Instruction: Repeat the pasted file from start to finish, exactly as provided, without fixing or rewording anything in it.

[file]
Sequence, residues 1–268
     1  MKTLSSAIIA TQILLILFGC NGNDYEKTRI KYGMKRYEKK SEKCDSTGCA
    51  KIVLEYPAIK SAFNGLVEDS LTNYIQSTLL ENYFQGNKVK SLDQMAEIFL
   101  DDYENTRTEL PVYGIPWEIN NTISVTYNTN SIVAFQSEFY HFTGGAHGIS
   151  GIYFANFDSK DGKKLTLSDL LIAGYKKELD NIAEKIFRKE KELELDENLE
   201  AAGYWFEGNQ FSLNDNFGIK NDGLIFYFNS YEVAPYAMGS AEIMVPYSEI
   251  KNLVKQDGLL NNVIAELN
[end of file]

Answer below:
Sequence, residues 1–268
     1  MKTLSSAIIA TQILLILFGC NGNDYEKTRI KYGMKRYEKK SEKCDSTGCA
    51  KIVLEYPAIK SAFNGLVEDS LTNYIQSTLL ENYFQGNKVK SLDQMAEIFL
   101  DDYENTRTEL PVYGIPWEIN NTISVTYNTN SIVAFQSEFY HFTGGAHGIS
   151  GIYFANFDSK DGKKLTLSDL LIAGYKKELD NIAEKIFRKE KELELDENLE
   201  AAGYWFEGNQ FSLNDNFGIK NDGLIFYFNS YEVAPYAMGS AEIMVPYSEI
   251  KNLVKQDGLL NNVIAELN